Developing Marble Maze, a Windows Store game in C++ and DirectX

Applies to Windows only

This section of the documentation describes how to use DirectX and Visual C++ to create a 3-D Windows Store game. With Windows Store apps, Windows 8 introduces an app personality that embraces consumer trends such as touch, motion and proximity sensors, mobility, and other app experiences. This documentation shows how to create a 3-D game named Marble Maze that embraces new form factors such as tablets and also works on traditional desktop and laptop PCs.

Note  To download the Marble Maze source code, see DirectX Marble Maze game sample.

Important  Marble Maze illustrates design patterns that we consider to be best practices for creating Windows Store games. You can adapt many of the implementation details to fit your own practices and the unique requirements of the game you are developing. Feel free to use different techniques or libraries when those better suit your needs. (However, always ensure that your code passes the Windows App Certification Kit.) When we consider a Marble Maze implementation to be essential for successful game development, we emphasize it in this documentation.

Introducing Marble Maze

We chose Marble Maze because it is relatively basic, but still demonstrates the breadth of features that are found in most games. It shows how to use graphics, input handling, and audio. It also demonstrates game mechanics such as rules and goals.

Marble Maze resembles the table-top labyrinth game that is typically constructed from a box that contains holes and a steel or glass marble. The goal of Marble Maze is the same as the table-top version: tilt the maze to guide the marble from the start to the end of the maze in as little time as possible, without letting the marble fall into any of the holes. Marble Maze adds the concept of checkpoints. If the marble falls into a hole, the game is restarted at the last checkpoint location that the marble passed over.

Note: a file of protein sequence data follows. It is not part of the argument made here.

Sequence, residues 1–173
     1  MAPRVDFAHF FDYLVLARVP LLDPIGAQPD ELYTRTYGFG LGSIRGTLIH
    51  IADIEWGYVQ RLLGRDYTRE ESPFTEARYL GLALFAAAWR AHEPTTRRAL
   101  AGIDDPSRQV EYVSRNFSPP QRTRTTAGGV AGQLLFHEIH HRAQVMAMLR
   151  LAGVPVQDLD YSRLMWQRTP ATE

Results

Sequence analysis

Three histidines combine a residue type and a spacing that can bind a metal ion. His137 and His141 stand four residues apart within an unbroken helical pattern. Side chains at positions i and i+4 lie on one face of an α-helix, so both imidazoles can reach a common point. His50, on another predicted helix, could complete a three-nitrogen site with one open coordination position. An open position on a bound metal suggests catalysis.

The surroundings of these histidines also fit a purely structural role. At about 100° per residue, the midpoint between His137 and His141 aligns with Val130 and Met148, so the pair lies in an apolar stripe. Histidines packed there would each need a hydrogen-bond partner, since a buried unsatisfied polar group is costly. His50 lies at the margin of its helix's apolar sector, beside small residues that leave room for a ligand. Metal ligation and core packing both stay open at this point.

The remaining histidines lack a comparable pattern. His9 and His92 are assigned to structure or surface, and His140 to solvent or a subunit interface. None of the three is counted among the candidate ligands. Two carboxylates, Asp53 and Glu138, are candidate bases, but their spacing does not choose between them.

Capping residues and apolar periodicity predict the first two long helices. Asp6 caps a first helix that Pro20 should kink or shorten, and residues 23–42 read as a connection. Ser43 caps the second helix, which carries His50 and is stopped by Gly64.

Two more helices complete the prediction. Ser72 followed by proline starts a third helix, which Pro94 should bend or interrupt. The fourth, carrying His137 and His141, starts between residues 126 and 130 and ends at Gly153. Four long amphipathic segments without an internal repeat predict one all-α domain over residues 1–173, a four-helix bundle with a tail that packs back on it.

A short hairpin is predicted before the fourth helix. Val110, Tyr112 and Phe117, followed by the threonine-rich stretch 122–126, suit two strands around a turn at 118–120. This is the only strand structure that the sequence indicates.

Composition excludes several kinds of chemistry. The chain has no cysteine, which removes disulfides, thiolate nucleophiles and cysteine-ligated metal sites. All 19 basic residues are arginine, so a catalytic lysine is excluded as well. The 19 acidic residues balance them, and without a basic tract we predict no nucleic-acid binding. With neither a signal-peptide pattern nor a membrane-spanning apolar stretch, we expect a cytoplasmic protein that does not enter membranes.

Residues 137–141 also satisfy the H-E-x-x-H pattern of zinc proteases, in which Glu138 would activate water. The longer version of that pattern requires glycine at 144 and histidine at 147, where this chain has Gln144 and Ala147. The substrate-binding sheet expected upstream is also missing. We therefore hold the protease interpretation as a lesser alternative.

Marble Maze offers multiple ways for a user to interact with the game board. If you have a touch-enabled or accelerometer-enabled device, you can use those devices to move the game board. You can also use an Xbox 360 controller or a mouse to control game play.

Screen shot of the Marble Maze game.

Note  The XNA Framework also provides a sample that is named Marble Maze that runs as a Windows Phone or classic desktop Windows app. (That version does not run as a Windows Store app). For more info about the XNA Framework version of Marble Maze, see App Hub - marble maze.

Prerequisites

  • Windows 8
  • Microsoft Visual Studio 2013
  • C++ programming knowledge
  • Familiarity with DirectX and DirectX terminology
  • Basic knowledge of COM

Who should read this?

If you’re interested in creating 3-D games or other graphics-intensive applications for Windows 8, this is for you. We hope you use the principles and practices that this documentation outlines to create your own Windows Store game. A background or strong interest in C++ and DirectX programming will help you get the most out of this documentation. If you don't have experience with DirectX, you can still benefit if you have experience with similar 3-D graphics programming environments.

If you are new to game development, and your game does not have demanding graphics requirements, consider developing it as a Windows Store app by using JavaScript or XAML. For more info about these options, see Technologies for developing Windows Store games for Windows. If you want a basic introduction to Windows Store game programming with C++, see Create your first Windows Store app using DirectX. The document Walkthrough: create a simple Windows Store game with DirectX describes another sample that implements a basic 3-D shooting game by using DirectX and C++.

What this documentation covers

This documentation teaches how to:

  • Use the Windows Runtime API and DirectX to create a Windows Store game.